The IE7 Release Candidate 1 download is free but will cost you up to 12MB of hard disk space, according to the system requirements posted on the IE7 Web site. Once you install IE7 RC1 you can use an upgrade checklist to make sure the browser works correctly with your favorite Web site.

Windows Vista

Like the real thing, Release Candidate 1 of Windows Vista will demand a lot from your PC, especially from its graphics system. Vista's new Aero interface is only accessible to PCs with enough graphics muscle. Short of that, Vista will run but will dumb itself down to a more Windows XP-type interface. Thus make sure you check out Vista's requirements before you get started.

Before you do anything you can evaluate your PC with the Windows Vista Upgrade Advisor, also available on the Vista Web site. Note that many new PCs with today's Windows XP operating system are being sold as Vista-ready, thus letting you know that the units will be able to handle the upgrade.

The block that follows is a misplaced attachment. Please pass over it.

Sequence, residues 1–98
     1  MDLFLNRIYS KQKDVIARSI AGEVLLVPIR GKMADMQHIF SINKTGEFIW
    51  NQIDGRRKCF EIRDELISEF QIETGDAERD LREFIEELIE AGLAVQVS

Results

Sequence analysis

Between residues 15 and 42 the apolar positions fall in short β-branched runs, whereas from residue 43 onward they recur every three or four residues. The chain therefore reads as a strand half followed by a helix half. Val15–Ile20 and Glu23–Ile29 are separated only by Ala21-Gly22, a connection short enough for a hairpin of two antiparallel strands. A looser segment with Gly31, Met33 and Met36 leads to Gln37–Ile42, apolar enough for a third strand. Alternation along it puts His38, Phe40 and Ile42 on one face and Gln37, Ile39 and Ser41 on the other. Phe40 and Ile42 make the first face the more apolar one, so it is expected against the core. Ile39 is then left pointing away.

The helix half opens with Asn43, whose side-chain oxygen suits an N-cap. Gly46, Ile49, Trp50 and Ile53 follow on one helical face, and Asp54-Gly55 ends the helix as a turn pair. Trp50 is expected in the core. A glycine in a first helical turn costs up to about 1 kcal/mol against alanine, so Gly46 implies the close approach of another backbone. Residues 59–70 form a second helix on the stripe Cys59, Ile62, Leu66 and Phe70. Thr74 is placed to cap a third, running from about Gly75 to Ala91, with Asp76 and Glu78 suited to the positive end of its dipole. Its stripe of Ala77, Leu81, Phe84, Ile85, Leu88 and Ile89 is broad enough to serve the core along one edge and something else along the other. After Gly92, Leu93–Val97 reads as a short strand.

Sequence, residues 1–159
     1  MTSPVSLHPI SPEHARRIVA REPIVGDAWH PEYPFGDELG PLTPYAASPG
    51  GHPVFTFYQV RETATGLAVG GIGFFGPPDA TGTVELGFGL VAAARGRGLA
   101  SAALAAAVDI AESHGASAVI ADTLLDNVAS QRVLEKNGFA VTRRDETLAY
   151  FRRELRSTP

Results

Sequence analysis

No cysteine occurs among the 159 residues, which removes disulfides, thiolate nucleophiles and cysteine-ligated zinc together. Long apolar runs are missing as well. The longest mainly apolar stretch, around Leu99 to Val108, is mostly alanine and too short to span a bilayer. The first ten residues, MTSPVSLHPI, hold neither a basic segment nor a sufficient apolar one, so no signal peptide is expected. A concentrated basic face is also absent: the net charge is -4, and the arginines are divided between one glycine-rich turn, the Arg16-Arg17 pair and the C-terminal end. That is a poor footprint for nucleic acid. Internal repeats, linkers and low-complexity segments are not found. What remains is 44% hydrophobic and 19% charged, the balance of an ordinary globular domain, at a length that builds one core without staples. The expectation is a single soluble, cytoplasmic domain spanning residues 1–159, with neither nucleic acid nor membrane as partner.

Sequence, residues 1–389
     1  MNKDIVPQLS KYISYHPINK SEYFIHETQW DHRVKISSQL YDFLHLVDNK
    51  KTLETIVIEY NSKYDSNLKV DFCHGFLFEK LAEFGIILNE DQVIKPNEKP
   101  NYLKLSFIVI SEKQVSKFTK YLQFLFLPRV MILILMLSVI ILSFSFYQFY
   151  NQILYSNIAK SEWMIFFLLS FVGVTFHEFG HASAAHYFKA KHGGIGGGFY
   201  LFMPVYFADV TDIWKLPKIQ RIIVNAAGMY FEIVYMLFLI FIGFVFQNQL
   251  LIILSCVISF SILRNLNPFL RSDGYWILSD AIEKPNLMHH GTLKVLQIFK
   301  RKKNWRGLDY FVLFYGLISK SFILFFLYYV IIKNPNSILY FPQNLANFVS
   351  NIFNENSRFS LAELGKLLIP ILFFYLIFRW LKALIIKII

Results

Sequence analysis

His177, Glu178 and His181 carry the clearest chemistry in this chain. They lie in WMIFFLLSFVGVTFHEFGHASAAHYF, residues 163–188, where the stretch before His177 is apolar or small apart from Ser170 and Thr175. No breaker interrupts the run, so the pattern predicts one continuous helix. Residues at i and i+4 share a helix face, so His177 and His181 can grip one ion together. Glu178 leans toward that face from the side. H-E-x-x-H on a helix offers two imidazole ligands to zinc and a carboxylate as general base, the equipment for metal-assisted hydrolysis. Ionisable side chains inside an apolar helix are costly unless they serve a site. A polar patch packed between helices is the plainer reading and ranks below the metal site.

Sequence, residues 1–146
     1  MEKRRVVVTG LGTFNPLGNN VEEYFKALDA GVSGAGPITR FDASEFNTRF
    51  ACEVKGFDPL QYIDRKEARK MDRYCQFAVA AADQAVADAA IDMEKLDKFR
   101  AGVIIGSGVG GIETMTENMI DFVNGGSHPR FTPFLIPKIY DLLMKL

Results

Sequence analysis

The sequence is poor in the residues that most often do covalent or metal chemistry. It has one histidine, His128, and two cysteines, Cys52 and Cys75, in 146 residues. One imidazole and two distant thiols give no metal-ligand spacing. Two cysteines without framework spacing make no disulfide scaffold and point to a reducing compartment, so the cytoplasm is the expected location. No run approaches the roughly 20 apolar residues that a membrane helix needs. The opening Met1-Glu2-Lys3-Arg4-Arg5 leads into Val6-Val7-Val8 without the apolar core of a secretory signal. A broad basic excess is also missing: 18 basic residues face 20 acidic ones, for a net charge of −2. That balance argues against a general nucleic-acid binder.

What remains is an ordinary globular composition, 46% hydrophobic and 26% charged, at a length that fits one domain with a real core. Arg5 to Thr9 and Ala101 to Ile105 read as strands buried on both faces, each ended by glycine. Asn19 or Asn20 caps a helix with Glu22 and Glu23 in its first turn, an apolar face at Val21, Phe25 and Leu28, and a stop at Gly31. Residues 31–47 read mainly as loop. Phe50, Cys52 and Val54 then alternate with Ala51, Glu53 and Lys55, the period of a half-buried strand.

Installing a new operating system is serious business. If the installation fails and you don't have backup files or your old operating system installation disks, you could end up in a dark place indeed. You can download the software or order it on a CD and pay shipping charges. The Vista release candidate software will expire on June 1, 2007, at which time you'll need a real version of Vista to keep your PC working.

2007 Microsoft Office

For Beta 2 of 2007 Microsoft Office you have a choice of downloading the beta software or test driving its components online via your Web browser. If you take the test drive, you'll have to have to install the Citrix Browser Plug-in into your browser, but this can be done automatically while you're at the Office test drive Web site. You can try out each of the Office components, including Word 2007 (right) which offers some new blog publishing features.